A group of 18 software vendors made good on their previous commitment to hand over service-oriented architecture specifications to standards bodies once those specifications, designed to make it easier for users to develop SOA-based applications, reach maturity.
One of the issues users are encountering as they adopt the SOA approach to developing reusable software and services is the lack of standards between different vendors' SOA software, making integration of third-party products difficult.
Members of the Open SOA Collaboration announced on Wednesday they will hand over their jointly developed Service Component Architecture (SCA) and non-Java C++ Service Data Objects (SDO) specifications to the Oasis standards body for further development. They will turn over their Java SDO specification work to the Java Community Process (JCP), the group that sets Java standards. The Java SDO work originated in JCP in 2003.
SCA focuses on defining models to create and assemble service components to build SOAs, while SDO aims to provide a consistent method for data handling within SOA applications.
The SCA specifications include full support for BPEL (business process execution language), the Spring Java development framework, Java and C++. The specifications also include an assembly model describing how SOA components interact with each other so that the developers, assemblers and deployers of individual components can deal with a consistent model, according to Michael Bechauf, vice president of industry standards at SAP AG.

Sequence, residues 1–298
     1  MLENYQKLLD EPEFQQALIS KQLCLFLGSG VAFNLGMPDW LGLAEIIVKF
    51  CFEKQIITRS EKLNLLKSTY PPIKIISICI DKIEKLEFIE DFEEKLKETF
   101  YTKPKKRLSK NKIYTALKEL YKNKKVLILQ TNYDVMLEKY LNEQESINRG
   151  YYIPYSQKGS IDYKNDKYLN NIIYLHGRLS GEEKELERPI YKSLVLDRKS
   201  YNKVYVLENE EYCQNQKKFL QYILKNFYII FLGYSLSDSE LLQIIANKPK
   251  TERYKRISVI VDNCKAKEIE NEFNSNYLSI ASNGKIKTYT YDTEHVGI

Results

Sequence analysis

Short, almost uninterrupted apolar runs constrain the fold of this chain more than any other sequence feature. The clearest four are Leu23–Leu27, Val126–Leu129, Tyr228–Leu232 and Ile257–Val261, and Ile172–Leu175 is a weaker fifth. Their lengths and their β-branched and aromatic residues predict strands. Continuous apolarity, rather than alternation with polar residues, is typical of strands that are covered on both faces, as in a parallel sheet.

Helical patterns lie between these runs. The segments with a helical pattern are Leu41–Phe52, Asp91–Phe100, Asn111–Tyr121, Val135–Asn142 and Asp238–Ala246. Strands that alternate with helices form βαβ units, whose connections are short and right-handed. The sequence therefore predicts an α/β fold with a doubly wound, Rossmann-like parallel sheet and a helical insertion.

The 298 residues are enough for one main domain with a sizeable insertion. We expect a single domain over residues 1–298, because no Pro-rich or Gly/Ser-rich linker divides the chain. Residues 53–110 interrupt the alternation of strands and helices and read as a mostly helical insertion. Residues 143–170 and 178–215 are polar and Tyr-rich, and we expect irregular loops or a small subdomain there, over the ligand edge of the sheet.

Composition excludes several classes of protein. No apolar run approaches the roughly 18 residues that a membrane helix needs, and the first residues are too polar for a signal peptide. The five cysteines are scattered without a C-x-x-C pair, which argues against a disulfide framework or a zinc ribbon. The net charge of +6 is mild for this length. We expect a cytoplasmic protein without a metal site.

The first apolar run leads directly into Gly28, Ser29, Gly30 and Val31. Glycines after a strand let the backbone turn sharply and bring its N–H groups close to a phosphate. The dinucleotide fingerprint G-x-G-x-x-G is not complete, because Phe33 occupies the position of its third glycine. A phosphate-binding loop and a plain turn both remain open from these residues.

The Open SOA Collaboration brings together companies that are more used to competing with each other than collaborating, including BEA Systems, IBM, Iona Technologies, Oracle, Red Hat, SAP, Sun Microsystems. and Xcalia.
When the initial members of the Open SOA Collaboration first got together in November 2005, they promised to work on specifications to define a language-neutral programming model for SOA application development and to formally submit those specifications once they reached a mature state. The Collaboration has always been careful to brand itself as an informal coming together of vendors and not a standards body.